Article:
Oliver Bulleid was the last Chief Mechanical Engineer of the Southern Railway, taking over from Richard Maunsell when the latter retired in 1937. Bulleid guided the Company through the Second World War right up to its absorption into British Railways in 1948.
Like Maunsell he had served his apprenticeship under Henry Ivatt and even married Ivatt’s youngest daughter, Marjorie. Prior to his joining the Southern Railway, Bulleid had worked under Nigel Gresley at Doncaster.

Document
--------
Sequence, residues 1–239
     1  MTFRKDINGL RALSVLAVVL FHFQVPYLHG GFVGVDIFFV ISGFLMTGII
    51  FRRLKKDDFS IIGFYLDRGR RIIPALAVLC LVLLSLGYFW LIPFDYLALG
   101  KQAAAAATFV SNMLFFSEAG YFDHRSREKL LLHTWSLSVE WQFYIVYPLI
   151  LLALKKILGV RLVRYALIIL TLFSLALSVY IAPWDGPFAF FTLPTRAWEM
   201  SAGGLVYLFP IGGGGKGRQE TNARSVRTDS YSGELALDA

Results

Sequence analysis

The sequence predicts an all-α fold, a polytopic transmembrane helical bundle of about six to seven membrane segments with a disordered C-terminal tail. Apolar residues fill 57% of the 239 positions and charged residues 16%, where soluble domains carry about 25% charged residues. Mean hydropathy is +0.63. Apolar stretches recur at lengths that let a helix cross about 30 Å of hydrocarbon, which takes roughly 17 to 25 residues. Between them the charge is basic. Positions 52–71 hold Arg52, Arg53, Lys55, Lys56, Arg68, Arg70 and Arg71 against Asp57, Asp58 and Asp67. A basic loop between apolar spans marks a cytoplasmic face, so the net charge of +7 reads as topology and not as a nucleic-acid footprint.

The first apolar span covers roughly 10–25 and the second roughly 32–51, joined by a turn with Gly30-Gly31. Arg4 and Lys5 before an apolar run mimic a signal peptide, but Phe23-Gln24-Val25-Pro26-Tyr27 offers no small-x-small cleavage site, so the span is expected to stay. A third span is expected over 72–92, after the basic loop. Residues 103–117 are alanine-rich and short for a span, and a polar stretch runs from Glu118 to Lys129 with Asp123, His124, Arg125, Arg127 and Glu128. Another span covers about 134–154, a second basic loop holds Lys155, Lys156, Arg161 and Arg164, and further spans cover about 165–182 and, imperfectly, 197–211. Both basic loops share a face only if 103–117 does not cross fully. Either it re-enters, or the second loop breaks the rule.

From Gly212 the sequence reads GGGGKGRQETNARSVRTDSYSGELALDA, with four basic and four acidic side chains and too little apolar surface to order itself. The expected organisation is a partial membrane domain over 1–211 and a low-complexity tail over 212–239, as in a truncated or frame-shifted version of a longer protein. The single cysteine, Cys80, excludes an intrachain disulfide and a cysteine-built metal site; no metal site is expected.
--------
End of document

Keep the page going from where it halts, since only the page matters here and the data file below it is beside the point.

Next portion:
Bulleid’s most famous creations were probably the Merchant Navy, West Country and Battle of Britain classes of steam engine (the last two being identical in all but name and essentially smaller versions of the flagship Merchant Navy class), which were a familiar sight on the region’s network until the end of the steam era in the mid-1960s.
Bulleid is one of three Southern Railway engineers remembered in Plymouth street names on the fringe of Weston Mill (Maunsell and Drummond are the others), close to the old line of the Southern Railway, there are also the similarly themed West Country Close and Southern Close.